The ASL is a key way of informing the aviation community of various aviation issues, including safety matters raised by the Transportation Safety Board of Canada (TSB). Consequently, the reprinting of information such as the TSB's Aviation Safety Advisories has been a common practice.

The article titled "Major Modifications to Amateur Built Aircraft", printed in Aviation Safety Letter Issue 1/2010, was a direct reprint of the TSB's Aviation Safety Advisory A09Q0071-D1-A1. As such, its content was unedited by Transport Canada and was reprinted by the department in good faith.

After consulting with the TSB on this matter, the department acknowledges that none of the aircraft mentioned in the subject advisory and ASL article were actual Bush Caddy aircraft.

Due to the identified errors in the subject advisory and ASL article, Transport Canada has removed the article from all web versions of the ASL, and the next print edition will include a retraction notice.

Please be assured that we have taken all necessary actions to address this matter.

Don Sherritt
Director, Standards
Transport Canada

20 February 2010

Vintage Wings Ground School announcement

We recently received this announcement from Vintage Wings:

There are two places where you can become a Harvard Graduate. One, we've heard, is somewhere in Massachusetts, the other is right here at the Canada Aviation Museum and the Vintage Wings of Canada facility.

Have you ever wanted to know how the landing gear on a Harvard retracts, locks, or drops? How best to do an aileron roll? Or how to do a crosswind landing in this heavy tail-dragger?

Possibly you have always wanted to know how the wings fold on a Corsair? Or how to start 18 massive cylinders and a 13 foot diameter prop that weighs more than small car? Or how to fly an approach with 20 feet of nose blocking your view to the runway? Or damn it... Just how the heck do you even get in that big beast?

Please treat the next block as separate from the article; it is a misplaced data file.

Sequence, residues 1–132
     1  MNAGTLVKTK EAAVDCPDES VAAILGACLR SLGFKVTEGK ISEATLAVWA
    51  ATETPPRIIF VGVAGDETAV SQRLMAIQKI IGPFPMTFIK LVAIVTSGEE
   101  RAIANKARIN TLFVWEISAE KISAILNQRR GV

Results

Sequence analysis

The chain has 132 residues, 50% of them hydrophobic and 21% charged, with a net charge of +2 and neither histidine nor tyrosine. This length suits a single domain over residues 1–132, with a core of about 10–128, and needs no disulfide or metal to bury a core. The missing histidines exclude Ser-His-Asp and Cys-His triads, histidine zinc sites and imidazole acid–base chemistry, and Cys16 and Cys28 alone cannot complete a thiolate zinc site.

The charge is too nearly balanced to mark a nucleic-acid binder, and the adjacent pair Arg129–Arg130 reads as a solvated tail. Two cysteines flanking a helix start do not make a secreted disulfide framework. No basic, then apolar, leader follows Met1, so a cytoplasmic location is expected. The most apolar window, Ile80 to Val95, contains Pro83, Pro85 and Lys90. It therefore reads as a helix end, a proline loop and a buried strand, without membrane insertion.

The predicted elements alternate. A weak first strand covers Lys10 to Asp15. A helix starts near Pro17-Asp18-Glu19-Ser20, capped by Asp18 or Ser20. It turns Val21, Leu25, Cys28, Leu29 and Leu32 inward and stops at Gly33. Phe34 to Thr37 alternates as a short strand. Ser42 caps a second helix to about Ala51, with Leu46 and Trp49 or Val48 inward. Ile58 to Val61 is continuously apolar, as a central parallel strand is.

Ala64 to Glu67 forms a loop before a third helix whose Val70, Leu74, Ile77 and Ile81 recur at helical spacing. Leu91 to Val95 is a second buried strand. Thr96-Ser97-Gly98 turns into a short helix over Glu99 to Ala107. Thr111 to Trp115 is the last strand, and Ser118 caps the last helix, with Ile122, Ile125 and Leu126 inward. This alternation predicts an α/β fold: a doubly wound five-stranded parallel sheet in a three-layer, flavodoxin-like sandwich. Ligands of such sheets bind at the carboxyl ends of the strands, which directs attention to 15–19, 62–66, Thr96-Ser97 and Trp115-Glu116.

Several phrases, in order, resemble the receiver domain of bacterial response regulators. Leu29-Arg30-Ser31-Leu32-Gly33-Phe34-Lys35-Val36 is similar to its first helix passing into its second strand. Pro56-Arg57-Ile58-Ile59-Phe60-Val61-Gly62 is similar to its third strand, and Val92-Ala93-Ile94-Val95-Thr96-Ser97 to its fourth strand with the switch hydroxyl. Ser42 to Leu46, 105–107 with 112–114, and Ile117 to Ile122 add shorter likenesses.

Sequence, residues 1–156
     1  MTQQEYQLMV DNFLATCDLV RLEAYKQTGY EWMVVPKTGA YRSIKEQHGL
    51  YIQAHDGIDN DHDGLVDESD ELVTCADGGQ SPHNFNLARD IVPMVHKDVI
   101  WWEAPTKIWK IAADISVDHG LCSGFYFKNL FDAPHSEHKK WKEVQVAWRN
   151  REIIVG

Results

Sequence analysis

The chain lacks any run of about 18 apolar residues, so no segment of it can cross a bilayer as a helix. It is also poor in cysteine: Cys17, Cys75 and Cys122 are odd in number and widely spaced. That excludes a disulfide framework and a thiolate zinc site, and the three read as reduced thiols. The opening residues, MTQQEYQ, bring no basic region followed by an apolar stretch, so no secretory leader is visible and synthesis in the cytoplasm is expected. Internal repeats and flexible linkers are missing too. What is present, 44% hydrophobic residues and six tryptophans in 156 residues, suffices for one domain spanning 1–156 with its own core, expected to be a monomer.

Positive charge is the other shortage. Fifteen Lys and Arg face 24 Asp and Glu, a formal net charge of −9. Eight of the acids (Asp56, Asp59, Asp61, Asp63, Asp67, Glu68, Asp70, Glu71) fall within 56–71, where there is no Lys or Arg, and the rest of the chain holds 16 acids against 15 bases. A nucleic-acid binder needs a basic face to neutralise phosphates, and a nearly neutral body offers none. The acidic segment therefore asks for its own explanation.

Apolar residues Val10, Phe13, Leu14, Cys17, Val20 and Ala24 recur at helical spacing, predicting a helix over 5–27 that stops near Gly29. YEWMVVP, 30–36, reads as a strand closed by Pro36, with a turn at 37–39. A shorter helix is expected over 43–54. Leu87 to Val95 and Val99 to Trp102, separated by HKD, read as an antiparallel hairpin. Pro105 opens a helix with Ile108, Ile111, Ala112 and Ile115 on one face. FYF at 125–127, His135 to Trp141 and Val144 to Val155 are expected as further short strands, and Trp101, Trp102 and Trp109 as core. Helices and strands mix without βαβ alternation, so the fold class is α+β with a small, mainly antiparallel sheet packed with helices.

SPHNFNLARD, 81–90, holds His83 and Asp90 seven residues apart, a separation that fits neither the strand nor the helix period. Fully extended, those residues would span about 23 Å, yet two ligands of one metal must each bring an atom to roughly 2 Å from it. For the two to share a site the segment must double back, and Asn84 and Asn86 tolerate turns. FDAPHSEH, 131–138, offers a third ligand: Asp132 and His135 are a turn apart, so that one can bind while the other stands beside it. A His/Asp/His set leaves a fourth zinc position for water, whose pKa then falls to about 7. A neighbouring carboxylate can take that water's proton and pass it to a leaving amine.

Perhaps you wondered why the Curtiss-Wright P-40 Kittyhawk made such a good ground attack aircraft. And what's it like to fly behind an Allison? Why that crazy landing gear retraction sequence? Want to know first hand how it was to fly with the legendary Stocky Edwards?

Well, you can find the answers to these questions and much, much more in our new series of Warbird Ground Schools. Vintage Wings of Canada has teamed up with the Canada Aviation Museum to bring three information packed two-day ground schools dedicated to the idiosyncrasies and habits of three of the most important aircraft of the Second World War. Get first-hand knowledge from the pilots who fly and manage three of Vintage Wings of Canada's most important aircraft - the North American Harvard, the Goodyear FG-1D Corsair and the P-40N Kittyhawk.

Starting in late February, 2010, with the Harvard, these ground schools will offer students a range of experience, first hand knowledge, technical detail and shared passion. Each ground school will begin at the Canada Aviation Museum with a full day of presentations, discussions and audio-visual material. As well coffee breaks and lunch will be provided to fuel you as you learn. On the second day, we move across the Ottawa River to the Vintage Wings of Canada facility for additional presentations, a personal cockpit checkout and then a photo session with you and your warbird. At the end of each ground school, attendees will each receive a certificate of course completion.

For more information about these Ground School courses and tuitions. please contact:

E-mail: info@vintagewings.ca

Telephone: 819.669.9603

31 January 2010

"The last fighter pilot's already been born"